The Hashemite Kingdom of Jordan has officially taken sides with the Saudi-led coalition seeking to isolate Qatar. Yet whereas the Saudi bloc, to which Jordan belongs, slashed all diplomatic ties due to Qatar’s moderate position on Iran and support for the Muslim Brotherhood and other Islamist movements, the Jordanian follow-up has been far weaker.
While Amman slightly downgraded diplomatic relations with Doha and revoked Al Jazeera’s broadcasting license, almost everything else is unchanged. No Qatari has been asked to leave Jordan save the ambassador. Contrasting with the Gulf airlines, Royal Jordanian has not cancelled flights to Doha. Unlike in Saudi Arabia and Bahrain, Jordanians can still access Al Jazeera and other Qatari-based media online. And whereas the United Arab Emirates declared expressing sympathy with Qatar to be a crime, Jordanians have openly criticised their government’s actions.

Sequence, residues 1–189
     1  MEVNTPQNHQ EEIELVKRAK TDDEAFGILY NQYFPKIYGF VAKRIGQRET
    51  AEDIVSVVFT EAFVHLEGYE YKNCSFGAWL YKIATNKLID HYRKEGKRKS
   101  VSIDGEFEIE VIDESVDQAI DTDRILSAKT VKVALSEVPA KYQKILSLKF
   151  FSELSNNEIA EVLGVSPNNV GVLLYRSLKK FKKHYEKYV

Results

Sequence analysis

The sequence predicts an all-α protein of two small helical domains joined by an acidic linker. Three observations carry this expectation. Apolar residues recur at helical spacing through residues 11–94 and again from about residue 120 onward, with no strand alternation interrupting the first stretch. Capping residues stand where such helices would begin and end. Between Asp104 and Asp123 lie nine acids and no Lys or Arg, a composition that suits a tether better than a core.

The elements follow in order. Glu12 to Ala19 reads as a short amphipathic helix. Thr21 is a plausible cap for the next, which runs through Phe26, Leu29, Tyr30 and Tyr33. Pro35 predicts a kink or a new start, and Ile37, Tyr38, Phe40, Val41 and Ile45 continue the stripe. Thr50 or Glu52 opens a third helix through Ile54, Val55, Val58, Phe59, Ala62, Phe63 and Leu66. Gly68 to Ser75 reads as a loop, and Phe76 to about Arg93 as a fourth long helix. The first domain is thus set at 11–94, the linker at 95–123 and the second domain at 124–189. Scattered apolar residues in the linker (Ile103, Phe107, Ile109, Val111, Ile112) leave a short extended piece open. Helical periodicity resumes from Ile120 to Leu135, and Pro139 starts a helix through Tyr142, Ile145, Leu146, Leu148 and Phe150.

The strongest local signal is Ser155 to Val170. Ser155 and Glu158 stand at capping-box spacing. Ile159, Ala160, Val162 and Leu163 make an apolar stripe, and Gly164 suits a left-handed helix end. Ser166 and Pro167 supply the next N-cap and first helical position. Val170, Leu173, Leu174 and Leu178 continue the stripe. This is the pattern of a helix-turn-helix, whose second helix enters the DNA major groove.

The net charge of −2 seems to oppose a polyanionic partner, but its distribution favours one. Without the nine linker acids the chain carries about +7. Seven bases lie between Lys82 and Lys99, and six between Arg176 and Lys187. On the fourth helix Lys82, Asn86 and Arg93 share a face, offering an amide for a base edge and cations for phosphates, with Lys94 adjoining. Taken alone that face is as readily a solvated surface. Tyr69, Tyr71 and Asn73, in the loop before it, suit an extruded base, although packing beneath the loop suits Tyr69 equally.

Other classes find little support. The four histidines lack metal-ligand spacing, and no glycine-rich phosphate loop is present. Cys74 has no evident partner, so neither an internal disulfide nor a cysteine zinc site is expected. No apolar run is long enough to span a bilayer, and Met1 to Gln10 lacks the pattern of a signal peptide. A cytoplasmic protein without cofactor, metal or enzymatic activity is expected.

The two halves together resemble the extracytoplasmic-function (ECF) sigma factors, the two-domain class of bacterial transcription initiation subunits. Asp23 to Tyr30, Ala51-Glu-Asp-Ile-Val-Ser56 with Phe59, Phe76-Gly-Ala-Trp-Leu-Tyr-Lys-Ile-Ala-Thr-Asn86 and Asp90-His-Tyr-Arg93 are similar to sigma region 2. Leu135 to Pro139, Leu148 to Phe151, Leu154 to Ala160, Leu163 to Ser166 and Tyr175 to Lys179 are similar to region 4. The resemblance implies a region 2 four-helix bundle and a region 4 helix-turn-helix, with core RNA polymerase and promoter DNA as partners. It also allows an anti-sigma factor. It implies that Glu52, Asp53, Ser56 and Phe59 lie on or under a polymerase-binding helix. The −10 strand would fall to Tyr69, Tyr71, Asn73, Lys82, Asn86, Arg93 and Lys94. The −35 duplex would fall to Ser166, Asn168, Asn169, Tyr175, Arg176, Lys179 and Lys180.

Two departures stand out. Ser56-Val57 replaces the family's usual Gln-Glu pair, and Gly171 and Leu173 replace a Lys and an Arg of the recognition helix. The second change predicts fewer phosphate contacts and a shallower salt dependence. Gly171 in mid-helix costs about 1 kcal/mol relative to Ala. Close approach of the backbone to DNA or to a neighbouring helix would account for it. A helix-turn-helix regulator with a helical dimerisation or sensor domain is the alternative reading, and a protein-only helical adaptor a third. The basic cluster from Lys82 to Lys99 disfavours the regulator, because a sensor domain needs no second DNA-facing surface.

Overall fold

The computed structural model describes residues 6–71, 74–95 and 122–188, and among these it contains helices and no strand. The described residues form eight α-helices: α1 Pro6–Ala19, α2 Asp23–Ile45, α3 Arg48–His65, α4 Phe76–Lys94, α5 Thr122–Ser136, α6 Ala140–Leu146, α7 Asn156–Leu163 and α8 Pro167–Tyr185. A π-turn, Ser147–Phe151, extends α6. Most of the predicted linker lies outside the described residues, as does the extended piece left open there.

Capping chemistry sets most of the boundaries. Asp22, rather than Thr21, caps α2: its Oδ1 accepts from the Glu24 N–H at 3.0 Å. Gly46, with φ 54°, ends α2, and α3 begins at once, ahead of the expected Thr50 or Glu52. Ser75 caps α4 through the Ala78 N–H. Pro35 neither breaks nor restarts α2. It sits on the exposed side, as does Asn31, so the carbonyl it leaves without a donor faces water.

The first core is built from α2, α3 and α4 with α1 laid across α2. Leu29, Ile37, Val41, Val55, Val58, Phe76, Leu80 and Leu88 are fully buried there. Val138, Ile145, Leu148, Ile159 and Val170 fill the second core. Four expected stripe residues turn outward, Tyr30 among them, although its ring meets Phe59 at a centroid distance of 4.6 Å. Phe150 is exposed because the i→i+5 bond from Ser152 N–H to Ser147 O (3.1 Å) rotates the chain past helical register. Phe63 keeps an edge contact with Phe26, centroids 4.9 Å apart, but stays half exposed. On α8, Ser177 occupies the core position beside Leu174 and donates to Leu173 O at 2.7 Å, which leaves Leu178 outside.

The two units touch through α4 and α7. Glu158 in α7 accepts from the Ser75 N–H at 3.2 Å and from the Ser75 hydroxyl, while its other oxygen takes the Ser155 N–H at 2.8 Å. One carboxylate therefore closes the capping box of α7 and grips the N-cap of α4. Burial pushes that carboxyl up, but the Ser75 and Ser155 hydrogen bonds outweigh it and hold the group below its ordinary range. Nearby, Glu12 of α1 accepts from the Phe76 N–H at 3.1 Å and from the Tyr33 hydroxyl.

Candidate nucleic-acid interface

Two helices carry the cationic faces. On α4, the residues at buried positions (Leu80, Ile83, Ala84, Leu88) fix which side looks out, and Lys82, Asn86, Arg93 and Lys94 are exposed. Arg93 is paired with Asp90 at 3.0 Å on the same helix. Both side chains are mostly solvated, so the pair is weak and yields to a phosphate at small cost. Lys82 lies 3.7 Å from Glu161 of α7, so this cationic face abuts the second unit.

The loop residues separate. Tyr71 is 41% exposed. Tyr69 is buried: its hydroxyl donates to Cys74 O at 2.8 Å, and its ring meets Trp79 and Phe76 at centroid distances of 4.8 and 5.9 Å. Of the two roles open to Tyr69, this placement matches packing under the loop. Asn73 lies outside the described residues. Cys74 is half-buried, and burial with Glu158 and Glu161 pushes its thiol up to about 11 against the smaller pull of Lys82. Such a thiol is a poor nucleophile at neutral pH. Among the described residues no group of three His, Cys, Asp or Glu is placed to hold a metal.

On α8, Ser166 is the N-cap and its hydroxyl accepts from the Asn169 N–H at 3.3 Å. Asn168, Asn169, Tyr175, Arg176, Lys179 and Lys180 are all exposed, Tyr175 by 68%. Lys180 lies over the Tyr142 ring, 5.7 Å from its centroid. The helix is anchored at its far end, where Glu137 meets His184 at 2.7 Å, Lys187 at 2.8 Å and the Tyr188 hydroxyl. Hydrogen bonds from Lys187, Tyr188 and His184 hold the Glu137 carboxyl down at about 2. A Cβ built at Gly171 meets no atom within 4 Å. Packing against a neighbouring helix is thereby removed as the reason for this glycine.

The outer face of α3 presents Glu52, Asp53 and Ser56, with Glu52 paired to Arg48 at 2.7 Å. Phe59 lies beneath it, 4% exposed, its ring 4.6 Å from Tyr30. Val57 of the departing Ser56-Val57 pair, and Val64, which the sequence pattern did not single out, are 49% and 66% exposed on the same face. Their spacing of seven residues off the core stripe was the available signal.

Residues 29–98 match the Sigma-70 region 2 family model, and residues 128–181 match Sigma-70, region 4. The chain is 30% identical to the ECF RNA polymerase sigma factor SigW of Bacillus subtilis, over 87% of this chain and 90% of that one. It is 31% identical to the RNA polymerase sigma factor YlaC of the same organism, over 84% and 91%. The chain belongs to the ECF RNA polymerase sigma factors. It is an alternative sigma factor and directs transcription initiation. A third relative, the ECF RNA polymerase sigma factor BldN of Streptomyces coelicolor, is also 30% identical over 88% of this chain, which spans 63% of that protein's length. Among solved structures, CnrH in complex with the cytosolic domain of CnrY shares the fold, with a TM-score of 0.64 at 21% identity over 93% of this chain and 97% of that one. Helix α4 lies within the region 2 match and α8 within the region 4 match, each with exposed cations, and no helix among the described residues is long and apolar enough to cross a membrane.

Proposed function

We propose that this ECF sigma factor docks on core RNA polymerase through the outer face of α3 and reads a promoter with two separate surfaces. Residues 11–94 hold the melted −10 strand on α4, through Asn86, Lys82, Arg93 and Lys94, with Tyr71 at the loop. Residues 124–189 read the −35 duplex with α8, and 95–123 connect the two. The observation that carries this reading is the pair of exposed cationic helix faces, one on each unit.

Jordan’s response has been tepid because it must hedge its position when betting on regional winners and losers given its inherent weakness. Jordan traditionally projects a foreign policy that reflects the goal of maximising regime security: capture economic aid and military protection from foreign powers such as the US by exploiting its ability to help achieve their strategic interests.
For decades, Jordan’s winning hand was geography. Bordering Israel, Syria, and Iraq, it could credibly convince the West that its cooperation and protection were necessary on multiple fronts like peace with Israel, the invasion of Iraq, and the Syrian civil war.